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Does new Peoplesoft CEO signal a buyout?

The ouster of Craig Conway and the return of Dave Duffield could be a prelude to PeopleSoft accepting Oracle's offer.

Is PeopleSoft's founder and long-time chief executive back at the helm to accept Oracle's takeover bid, or to dig in for a long-term battle?

Many analysts on Friday said the ouster of Craig Conway and the return of Dave Duffield is likely a prelude to PeopleSoft accepting Oracle's offer.

"I think this removes a hurdle in getting the deal done," said Art Hogan, an equities analyst with Jeffries & Co. "That certainly seems to be the opinion of Wall Street, and the Street is usually right in situations like this."

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Others weren't so certain, and said PeopleSoft's board may have turned to Duffield to help it fend off Oracle. "Although in most cases the departure of a CEO signals a company is ready to talk to a hostile bidder, anyone who thinks Dave Duffield is coming back to sell the company will be sadly mistaken," said John Torrey, an analyst with Adams Harkness. "If they had appointed someone other than Dave Duffield to be CEO, I might take a different view of where they are headed."

Torrey pointed out that the transaction committee on PeopleSoft's board, which consists of independent directors--not Conway alone--was responsible for turning down Oracle's offer over the past 15 months.

The unexpected news is the latest turn in a nearly 16-month-old battle between the business software makers. News of Conway's ouster drove up PeopleSoft shares by nearly 14 percent in afternoon trading, to $22.60, surpassing Oracle's takeover offer of $21 a share.

Conway, who served as one of Oracle CEO Larry Ellison's top lieutenants before departing for PeopleSoft, had been staunchly opposed to an Oracle takeover. Just a few weeks ago, at PeopleSoft's annual user conference, he vowed to continue the fight.

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Conway's resolve may have hastened his departure, said one analyst. "Craig (Conway) was so opposed to the merger," said David Hilal, managing director at Friedman Billings Ramsey & Co. "And he ended up being so entrenched as the front man for this thing, that I think he needed to be removed to have successful and good negotiations with Oracle."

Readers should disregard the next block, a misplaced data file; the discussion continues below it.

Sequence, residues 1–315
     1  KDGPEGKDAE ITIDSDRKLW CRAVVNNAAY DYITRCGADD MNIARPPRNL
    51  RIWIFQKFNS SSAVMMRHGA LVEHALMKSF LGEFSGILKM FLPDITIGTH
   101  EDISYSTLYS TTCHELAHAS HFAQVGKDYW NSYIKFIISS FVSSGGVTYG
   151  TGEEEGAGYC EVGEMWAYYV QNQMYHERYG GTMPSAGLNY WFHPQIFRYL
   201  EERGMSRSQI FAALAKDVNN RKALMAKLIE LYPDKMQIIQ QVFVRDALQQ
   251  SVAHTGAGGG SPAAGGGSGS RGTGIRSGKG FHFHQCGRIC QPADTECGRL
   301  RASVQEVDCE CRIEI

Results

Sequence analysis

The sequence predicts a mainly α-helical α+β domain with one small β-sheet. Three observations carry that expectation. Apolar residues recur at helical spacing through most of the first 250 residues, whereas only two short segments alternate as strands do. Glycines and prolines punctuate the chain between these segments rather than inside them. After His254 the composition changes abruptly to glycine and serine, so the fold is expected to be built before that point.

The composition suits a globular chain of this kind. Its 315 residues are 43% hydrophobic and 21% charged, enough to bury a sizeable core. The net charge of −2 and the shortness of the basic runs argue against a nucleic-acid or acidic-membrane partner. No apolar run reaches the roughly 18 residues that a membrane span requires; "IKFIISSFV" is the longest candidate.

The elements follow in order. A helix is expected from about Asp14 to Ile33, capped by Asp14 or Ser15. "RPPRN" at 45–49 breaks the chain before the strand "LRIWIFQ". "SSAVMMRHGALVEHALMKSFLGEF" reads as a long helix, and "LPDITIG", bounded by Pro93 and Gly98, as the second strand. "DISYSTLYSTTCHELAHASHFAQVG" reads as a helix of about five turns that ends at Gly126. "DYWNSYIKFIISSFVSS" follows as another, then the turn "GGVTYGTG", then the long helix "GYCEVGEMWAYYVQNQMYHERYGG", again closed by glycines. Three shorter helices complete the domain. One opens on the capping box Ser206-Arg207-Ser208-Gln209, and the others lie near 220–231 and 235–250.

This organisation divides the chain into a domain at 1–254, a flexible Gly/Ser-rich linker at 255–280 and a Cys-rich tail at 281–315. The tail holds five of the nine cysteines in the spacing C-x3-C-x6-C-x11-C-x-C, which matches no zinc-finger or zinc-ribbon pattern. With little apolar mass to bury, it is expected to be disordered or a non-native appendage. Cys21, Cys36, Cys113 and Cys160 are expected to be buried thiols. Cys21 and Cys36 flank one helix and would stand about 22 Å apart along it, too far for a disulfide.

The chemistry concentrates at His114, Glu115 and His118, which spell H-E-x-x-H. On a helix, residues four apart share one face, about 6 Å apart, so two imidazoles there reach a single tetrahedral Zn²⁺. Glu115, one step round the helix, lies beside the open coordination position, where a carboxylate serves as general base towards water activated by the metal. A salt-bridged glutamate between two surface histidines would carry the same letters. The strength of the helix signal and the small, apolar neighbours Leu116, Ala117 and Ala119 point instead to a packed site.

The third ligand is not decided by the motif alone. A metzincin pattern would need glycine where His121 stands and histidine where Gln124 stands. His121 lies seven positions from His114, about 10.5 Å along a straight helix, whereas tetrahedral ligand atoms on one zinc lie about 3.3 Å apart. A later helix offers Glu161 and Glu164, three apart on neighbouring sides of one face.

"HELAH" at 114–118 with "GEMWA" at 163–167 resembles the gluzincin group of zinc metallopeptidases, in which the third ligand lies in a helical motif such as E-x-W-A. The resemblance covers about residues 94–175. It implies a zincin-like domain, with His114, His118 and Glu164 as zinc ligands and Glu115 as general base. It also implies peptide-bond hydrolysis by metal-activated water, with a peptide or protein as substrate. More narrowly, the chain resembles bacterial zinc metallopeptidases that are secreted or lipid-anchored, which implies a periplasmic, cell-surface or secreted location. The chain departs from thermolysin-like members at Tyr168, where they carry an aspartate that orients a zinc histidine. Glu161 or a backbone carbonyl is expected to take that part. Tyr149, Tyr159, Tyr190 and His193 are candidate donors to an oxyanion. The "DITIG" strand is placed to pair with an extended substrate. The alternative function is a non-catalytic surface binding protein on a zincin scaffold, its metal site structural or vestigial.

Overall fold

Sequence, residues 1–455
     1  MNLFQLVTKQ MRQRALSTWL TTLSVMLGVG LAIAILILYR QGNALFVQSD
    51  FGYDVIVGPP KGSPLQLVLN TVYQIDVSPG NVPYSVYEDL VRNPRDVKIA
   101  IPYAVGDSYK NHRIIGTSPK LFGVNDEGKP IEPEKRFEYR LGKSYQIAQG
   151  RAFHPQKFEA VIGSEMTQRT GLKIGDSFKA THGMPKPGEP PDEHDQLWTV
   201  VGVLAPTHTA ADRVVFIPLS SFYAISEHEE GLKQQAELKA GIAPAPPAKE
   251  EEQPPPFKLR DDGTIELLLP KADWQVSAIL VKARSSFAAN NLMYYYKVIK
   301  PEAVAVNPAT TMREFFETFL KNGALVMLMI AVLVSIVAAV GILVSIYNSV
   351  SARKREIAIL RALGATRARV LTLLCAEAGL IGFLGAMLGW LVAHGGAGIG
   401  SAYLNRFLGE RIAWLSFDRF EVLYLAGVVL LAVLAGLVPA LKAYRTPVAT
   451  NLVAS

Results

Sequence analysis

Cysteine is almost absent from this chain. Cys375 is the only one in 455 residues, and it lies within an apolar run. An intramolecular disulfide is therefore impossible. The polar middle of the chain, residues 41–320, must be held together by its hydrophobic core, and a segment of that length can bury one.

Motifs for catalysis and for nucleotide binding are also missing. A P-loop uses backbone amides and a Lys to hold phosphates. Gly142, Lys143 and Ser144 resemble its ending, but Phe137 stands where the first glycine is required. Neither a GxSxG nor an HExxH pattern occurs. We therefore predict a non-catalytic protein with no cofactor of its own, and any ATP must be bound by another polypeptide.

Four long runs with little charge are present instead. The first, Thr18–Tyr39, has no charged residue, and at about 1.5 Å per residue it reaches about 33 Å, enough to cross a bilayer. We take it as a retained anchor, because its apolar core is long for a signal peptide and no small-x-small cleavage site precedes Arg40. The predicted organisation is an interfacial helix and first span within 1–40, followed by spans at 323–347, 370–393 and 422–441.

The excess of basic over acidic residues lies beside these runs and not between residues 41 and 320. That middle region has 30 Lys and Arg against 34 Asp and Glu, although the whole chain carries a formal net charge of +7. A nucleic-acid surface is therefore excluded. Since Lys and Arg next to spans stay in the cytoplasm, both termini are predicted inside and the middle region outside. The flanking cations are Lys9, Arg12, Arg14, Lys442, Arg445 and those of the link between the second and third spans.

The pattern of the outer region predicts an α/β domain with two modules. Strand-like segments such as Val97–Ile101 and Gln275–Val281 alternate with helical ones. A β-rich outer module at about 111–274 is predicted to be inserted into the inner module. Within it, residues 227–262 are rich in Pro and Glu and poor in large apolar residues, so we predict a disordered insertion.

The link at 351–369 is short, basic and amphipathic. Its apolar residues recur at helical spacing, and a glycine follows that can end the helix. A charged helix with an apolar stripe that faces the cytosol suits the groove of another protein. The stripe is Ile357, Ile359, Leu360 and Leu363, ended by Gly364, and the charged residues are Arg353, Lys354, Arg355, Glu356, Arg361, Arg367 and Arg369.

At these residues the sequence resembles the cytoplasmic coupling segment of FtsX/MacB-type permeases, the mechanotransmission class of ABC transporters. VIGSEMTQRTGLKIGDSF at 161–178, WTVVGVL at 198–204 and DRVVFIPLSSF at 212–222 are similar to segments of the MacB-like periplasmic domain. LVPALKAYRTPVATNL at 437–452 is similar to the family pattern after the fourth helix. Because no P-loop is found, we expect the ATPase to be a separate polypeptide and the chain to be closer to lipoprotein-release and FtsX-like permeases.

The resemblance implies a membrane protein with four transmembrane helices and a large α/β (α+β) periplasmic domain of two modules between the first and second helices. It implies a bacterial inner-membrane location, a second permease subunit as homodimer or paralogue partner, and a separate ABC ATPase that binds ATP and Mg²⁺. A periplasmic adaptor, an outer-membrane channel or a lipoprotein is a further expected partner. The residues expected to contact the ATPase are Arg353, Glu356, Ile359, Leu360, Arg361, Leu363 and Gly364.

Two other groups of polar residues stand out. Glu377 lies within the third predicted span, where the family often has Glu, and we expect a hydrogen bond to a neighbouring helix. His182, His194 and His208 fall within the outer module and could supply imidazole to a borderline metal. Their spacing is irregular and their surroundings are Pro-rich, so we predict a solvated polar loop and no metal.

No matter which way PeopleSoft's board decides, Conway's removal gives the company more latitude. "I don't think the board has made up its mind yet on the Oracle bid," said Brendan Barnicle, an analyst with Pacific Crest Securities. "Removing Conway gave them a way to position themselves properly in case they want to go through with it or in case they want to continue to defend themselves against it."

Duffield gave no indication that the fight with Oracle is over. "I'm here for the long term," he said in a conference call Friday morning.

Both Oracle and PeopleSoft have struggled in recent quarters as sales of their business application software slows. The weakening market conditions might drive PeopleSoft to reconsider Oracle's bid.

"Oracle's stock is up on the news," said Brendan Barnicle, an analyst for Pacific Crest Securities. "Oracle's applications business was very weak in the quarter, so adding PeopleSoft will reinforce that business." Oracle has said that a PeopleSoft merger would add to its earnings forecast, rather than hurt it.

Other analysts doubt that PeopleSoft would bring back Duffield only to cave in to Oracle. "I don't know that they're so much giving in, but they're going to work to get a great price, probably higher than what's been offered so far," said Bruce Richardson, an analyst at AMR Research in Boston. "I talked to insiders this morning who said the next thing is to watch for old insiders to come back. That would be the one thing that would argue (in favor of a continued fight). You wouldn't bother doing that if it was just about giving in."

Conway leaves a mixed legacy, Richardson said. "First, he'll (Conway) be vilified and remembered for his steadfast opposition (to the Oracle deal). But he was the one who bet the farm in 100 percent on Net infrastructure."

CNET News.com's Marguerite Reardon, Margaret Kane and Dawn Kawamoto contributed to this report.